It’s actually pretty remarkable that Hamlet is just straight up calling Horatio poor. We can call ourselves poor but it seems somehow uncouth to call others poor – even if they are. At least not to their faces. At least not to one’s friend’s face. Why this is, I’m not sure.
It’s not as if it’s not true. The poor are poor. And yet it somehow gets framed as a moral failing, that poverty is somehow a judgment on the poor, not simply a matter of circumstances, birth and social conditions. So you don’t call someone poor for the same reason you don’t call someone fat. Because it’s not good manners to point out someone’s failings. (The fact that both poverty and size are often a matter of circumstance and not morality is another point entirely.)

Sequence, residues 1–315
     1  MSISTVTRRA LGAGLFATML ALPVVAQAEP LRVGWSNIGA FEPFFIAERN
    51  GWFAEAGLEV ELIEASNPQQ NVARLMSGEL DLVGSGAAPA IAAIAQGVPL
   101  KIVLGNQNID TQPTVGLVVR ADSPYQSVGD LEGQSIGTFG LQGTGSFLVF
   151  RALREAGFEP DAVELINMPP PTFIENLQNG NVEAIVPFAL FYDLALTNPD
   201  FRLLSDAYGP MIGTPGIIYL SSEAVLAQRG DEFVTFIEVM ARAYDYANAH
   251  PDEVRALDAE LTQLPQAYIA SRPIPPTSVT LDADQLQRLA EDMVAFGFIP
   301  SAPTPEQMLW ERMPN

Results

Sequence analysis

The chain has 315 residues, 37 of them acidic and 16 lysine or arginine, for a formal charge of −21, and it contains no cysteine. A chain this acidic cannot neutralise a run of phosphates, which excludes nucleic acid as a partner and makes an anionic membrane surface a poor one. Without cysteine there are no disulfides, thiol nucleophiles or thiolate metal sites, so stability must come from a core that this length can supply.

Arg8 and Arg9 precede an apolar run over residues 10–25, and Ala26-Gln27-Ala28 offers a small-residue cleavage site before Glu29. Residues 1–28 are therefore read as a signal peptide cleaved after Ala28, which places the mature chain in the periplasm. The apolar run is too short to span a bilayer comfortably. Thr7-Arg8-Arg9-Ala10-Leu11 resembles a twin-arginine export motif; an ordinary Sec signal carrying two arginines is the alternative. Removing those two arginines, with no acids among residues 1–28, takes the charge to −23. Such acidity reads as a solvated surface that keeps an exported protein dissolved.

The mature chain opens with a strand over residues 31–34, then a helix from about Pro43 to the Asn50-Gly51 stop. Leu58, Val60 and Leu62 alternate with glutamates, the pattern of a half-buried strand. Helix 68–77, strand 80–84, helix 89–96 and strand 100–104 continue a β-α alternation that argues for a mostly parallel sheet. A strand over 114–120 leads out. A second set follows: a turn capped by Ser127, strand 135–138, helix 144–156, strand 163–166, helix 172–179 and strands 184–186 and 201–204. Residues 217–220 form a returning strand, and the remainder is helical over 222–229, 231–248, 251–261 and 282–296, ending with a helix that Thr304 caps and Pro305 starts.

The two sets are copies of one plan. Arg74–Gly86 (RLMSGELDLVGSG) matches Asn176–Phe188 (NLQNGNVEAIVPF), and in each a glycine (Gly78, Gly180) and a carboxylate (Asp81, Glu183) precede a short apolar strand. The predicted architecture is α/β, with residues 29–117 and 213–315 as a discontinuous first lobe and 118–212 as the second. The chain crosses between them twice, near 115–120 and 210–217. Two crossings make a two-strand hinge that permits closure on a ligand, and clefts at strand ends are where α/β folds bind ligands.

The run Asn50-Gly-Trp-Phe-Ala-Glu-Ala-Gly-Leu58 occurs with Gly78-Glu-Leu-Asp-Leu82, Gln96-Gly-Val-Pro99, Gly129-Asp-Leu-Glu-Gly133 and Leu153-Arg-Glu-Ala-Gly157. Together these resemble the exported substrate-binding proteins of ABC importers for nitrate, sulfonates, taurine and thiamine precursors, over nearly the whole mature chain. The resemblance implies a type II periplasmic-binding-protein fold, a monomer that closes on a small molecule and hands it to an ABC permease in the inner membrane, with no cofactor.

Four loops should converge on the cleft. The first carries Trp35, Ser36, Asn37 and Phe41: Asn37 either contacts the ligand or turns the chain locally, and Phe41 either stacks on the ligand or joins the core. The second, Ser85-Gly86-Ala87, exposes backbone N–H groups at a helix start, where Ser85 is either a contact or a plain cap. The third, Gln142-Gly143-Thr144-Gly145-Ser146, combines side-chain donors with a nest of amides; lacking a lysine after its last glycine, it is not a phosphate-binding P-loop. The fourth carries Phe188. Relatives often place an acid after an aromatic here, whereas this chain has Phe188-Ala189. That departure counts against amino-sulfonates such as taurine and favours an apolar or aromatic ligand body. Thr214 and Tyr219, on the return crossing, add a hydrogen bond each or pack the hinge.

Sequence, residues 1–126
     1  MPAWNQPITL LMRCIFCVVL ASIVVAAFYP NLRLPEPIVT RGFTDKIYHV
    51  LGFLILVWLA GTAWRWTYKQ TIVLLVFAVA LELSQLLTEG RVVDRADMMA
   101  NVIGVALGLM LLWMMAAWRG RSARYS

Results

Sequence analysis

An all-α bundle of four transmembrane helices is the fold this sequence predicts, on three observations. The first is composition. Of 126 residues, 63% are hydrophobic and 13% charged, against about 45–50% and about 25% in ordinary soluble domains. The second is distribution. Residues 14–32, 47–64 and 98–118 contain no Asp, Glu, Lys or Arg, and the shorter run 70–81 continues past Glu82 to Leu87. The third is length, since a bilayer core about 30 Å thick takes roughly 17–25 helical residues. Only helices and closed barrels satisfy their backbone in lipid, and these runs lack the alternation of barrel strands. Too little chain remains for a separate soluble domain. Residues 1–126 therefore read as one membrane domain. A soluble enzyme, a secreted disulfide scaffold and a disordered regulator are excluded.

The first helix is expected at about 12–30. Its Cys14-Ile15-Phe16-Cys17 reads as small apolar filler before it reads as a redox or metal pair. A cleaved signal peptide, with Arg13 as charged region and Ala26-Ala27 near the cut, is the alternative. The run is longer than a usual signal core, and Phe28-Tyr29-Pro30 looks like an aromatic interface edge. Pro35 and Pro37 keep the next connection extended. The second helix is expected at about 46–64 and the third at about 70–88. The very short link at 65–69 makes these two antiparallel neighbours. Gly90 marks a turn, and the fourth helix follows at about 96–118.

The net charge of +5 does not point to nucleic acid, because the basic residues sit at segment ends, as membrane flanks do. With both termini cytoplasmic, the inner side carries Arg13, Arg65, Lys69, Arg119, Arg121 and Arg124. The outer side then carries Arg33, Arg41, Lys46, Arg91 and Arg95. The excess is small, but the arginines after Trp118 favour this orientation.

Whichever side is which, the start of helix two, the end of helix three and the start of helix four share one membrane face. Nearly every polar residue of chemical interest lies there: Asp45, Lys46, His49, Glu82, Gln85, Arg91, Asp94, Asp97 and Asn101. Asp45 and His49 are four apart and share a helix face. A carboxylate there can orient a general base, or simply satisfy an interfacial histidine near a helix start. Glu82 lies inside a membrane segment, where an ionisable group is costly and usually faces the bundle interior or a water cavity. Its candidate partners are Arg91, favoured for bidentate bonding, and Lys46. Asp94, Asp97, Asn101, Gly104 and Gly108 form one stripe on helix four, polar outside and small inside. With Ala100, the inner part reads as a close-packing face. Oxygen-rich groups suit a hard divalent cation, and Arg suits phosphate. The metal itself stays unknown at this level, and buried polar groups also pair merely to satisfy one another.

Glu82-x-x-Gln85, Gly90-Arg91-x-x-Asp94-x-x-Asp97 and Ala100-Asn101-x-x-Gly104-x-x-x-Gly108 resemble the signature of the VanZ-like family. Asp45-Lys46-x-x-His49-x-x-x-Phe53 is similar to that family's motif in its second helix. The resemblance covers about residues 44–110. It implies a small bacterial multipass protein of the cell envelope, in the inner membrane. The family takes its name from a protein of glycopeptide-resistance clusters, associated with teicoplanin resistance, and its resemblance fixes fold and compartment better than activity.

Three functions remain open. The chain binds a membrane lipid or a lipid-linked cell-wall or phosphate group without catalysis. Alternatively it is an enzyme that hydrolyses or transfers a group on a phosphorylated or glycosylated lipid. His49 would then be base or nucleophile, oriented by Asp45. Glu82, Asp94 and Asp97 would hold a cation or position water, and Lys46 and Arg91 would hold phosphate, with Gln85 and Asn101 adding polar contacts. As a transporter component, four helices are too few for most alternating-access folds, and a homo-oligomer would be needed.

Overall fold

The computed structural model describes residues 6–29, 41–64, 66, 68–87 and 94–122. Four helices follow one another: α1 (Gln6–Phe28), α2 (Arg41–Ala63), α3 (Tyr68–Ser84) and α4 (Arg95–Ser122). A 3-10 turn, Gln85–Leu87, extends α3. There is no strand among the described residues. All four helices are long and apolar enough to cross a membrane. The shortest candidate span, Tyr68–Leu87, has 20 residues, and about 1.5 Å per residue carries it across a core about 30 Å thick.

Reading Scarcity, it became clear what a world of circular reasoning we’ve been living in around poverty. There have been those that assume the poor are poor due to being forgetful or short-sighted with money. When in fact it’s the reverse – that anyone becomes forgetful and short-sighted when facing down scarcity.